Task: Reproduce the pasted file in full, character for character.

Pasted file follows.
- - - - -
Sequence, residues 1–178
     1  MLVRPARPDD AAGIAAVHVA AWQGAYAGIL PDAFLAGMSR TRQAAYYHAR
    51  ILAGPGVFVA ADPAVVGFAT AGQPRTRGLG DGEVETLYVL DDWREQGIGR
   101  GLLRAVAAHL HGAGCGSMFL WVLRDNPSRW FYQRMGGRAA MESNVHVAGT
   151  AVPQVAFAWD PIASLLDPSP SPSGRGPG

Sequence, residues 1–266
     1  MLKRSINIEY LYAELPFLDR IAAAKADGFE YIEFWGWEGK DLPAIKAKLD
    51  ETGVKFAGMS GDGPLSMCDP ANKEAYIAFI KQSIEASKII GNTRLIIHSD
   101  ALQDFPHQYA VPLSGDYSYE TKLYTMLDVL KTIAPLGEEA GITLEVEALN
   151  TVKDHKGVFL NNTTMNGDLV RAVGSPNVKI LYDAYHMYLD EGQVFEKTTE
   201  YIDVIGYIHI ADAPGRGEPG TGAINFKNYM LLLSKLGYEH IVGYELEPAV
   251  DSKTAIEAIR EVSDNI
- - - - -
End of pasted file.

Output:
Sequence, residues 1–178
     1  MLVRPARPDD AAGIAAVHVA AWQGAYAGIL PDAFLAGMSR TRQAAYYHAR
    51  ILAGPGVFVA ADPAVVGFAT AGQPRTRGLG DGEVETLYVL DDWREQGIGR
   101  GLLRAVAAHL HGAGCGSMFL WVLRDNPSRW FYQRMGGRAA MESNVHVAGT
   151  AVPQVAFAWD PIASLLDPSP SPSGRGPG

Sequence, residues 1–266
     1  MLKRSINIEY LYAELPFLDR IAAAKADGFE YIEFWGWEGK DLPAIKAKLD
    51  ETGVKFAGMS GDGPLSMCDP ANKEAYIAFI KQSIEASKII GNTRLIIHSD
   101  ALQDFPHQYA VPLSGDYSYE TKLYTMLDVL KTIAPLGEEA GITLEVEALN
   151  TVKDHKGVFL NNTTMNGDLV RAVGSPNVKI LYDAYHMYLD EGQVFEKTTE
   201  YIDVIGYIHI ADAPGRGEPG TGAINFKNYM LLLSKLGYEH IVGYELEPAV
   251  DSKTAIEAIR EVSDNI